Georgians have a lot at stake in the outcome of the Obamacare case, King v. Burwell, which will be decided by the U.S. Supreme Court this month. As a board member of the Competitive Enterprise Institute, the organization leading the litigation, I believe a ruling in favor of the plaintiffs will benefit Georgia's economy, allow Georgia policymakers to drive down insurance and health care costs, create jobs and help the neediest Georgians gain access to affordable health insurance.
For those reasons, Gov. Nathan Deal, Attorney General Sam Olens and other state leaders deserve praise for declining to form a state-level exchange and for supporting CEI's position in King.
To date, headlines have focused on the potential loss of subsidies for an estimated 400,000 Georgians — all of whom are presumed to be dependent on subsidies to afford coverage and will therefore lose it. While the case centers on the availability of subsidies in the 36 states that have not established an exchange, that is far from the whole story.
By itself, a victory for the King plaintiffs will create full-time jobs in Georgia and deliver net benefits to its economy and its citizens. It would free employers in Georgia — and the 35 other non-participating states — from the Obamacare employer mandate, which has led to a decrease in jobs, wages and hours for working employees.
It would also free the vast majority of Georgians from the highly unpopular individual mandate, which penalizes them for paying for medical costs out of their own pockets, and deprives them of the choice of coverage they once could access but is now deemed inadequate under Obamacare.
The employer mandate is entirely dependent on the receipt of subsidies by at least one full-time worker at a business that does not offer coverage compliant with Obamacare's draconian rules. Employers that cannot afford the dictated coverage or pay the Obamacare penalties have no choice but to minimize their full-time headcount and reduce workers to part-time status. Studies show this has severely depressed full-time employment among small businesses and Georgia is no exception. Without the employer mandate, this disincentive to full-time hiring goes away. Freed from the enormous costs of Obamacare, Georgia businesses will be able to grow and hire.
Beyond that, what should Congress do regarding the loss of subsidies if the Supreme Court rules for the King plaintiffs? Simple: make sure that Georgia and the other non-participating states get sufficient funding to help their neediest residents gain access to health coverage, and get out of the way. Georgia state policymakers need the ability to regulate Georgia's insurance markets to meet the needs and wishes of its citizens. Georgians' tax dollars flowing to Washington to fund Obamacare should be returned to Georgia, so Gov. Deal and his team can decide how to best use that money.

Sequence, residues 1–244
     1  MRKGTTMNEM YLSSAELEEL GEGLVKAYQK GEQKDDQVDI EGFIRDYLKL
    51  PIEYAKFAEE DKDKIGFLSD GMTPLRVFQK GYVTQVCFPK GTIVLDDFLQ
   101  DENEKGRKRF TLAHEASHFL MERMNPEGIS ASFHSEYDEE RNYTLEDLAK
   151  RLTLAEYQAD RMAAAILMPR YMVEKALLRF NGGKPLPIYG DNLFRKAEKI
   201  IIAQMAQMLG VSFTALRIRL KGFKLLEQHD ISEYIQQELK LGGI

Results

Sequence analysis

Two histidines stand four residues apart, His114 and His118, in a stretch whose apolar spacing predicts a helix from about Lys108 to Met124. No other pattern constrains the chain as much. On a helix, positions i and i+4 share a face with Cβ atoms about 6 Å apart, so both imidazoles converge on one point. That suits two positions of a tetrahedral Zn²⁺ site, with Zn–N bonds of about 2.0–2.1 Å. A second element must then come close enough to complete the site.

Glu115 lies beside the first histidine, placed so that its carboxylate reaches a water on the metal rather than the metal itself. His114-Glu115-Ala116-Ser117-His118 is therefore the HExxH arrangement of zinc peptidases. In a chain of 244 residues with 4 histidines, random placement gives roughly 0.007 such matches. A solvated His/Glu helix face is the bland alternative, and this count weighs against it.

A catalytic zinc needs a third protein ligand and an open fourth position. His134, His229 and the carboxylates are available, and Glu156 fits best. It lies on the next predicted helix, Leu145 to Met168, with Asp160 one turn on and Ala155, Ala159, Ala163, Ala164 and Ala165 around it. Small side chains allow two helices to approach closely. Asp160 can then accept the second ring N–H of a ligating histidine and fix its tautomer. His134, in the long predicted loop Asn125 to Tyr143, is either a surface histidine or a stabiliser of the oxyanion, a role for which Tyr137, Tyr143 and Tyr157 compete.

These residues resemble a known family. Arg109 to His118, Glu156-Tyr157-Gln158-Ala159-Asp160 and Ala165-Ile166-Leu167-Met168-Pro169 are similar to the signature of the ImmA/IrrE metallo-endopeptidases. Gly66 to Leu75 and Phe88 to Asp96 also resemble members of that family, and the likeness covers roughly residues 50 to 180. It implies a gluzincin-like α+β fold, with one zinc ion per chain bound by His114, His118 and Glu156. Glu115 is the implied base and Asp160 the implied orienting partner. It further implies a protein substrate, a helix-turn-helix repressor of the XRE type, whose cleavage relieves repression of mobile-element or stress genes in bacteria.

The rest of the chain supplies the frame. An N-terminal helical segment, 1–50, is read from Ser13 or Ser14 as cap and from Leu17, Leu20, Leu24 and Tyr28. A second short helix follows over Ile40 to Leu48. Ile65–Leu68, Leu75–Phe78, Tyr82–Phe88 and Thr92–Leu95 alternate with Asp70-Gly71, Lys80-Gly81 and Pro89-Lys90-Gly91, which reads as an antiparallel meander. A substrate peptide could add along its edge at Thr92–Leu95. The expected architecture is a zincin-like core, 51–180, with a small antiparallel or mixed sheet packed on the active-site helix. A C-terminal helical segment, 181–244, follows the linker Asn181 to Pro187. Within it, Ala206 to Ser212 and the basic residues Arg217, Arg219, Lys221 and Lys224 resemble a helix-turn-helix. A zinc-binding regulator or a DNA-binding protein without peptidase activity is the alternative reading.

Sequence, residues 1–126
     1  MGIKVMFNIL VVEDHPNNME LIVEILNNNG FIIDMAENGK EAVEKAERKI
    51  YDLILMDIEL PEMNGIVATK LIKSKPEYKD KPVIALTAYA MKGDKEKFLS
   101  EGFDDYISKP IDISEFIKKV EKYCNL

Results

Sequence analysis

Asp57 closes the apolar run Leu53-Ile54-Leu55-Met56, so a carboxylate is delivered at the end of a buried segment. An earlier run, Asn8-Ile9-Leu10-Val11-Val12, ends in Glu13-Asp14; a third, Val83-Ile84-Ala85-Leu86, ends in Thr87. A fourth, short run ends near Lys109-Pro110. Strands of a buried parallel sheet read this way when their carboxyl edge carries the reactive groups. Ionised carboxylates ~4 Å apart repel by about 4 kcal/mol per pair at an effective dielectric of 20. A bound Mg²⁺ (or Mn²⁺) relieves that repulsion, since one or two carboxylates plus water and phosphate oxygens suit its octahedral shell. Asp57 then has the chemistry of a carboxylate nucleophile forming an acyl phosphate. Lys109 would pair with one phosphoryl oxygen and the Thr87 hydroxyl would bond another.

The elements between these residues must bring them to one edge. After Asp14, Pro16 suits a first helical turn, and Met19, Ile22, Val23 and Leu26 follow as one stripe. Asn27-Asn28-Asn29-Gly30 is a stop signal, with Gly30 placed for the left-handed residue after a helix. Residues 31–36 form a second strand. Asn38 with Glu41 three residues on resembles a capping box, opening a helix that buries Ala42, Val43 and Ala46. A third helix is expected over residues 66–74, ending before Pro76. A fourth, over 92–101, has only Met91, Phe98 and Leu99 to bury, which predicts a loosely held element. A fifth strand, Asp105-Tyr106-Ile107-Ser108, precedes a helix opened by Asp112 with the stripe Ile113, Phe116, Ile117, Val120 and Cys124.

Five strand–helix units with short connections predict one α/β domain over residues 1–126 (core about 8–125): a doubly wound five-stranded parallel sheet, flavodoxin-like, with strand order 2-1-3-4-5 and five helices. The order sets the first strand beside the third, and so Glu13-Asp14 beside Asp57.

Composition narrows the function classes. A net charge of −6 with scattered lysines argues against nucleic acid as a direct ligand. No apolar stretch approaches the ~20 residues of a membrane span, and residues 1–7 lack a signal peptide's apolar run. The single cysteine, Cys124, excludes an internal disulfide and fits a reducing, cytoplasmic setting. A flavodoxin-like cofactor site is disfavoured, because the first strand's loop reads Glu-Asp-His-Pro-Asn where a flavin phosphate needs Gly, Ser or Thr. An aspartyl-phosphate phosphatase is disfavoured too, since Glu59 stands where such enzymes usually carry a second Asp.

In the process, Georgians can address the real problem with Obamacare — it makes insurance far more expensive for everyone not receiving subsidies. In Georgia, that's more than 8 million people paying higher costs, or 20 times more than the number of people receiving subsidies. A recent Heritage Foundation analysis shows that Georgians pay between 7 and 42 percent more for coverage because of three Obamacare features — benefit mandates, age band regulations, and minimum plan value requirements. And that's not even counting the regulatory compliance costs and taxes paid in the large group market, which drive up costs for the majority of Georgians.
By eliminating many of the market-distorting Obamacare regulations and bypassing the Department of Health and Human Services' gargantuan regulatory apparatus, Georgia's leadership can reduce costs for employers, their workers and purchasers of individual policies — allowing them more affordable choices regarding the kind of coverage they want.
Rep. Tom Price (R-GA) has proposed legislation that would do just that, freeing Georgia from the constraints of Obamacare's worst features. His bill would also introduce new market-based reforms state leaders would welcome. Unfortunately, however, our two Senators have endorsed a dysfunctional approach introduced by Sen. Ron Johnson (R-Wis.) that would defer any material changes in Obamacare for two years, other than codification of King's elimination of employer and individual mandates. And strangely, the Johnson/Perdue/Isakson bill would treat subsidies as an entitlement, keeping them for current recipients, but denying them to anyone who might otherwise qualify in the future.
Rather than such a Washington-knows-best approach, our elected representatives should do what they were elected to do — free Georgia to address the problems created by Obamacare. If other states wish to form exchanges and embrace Obamacare, it is up to them. Gov. Deal and his team have better ideas and should be freed to pursue them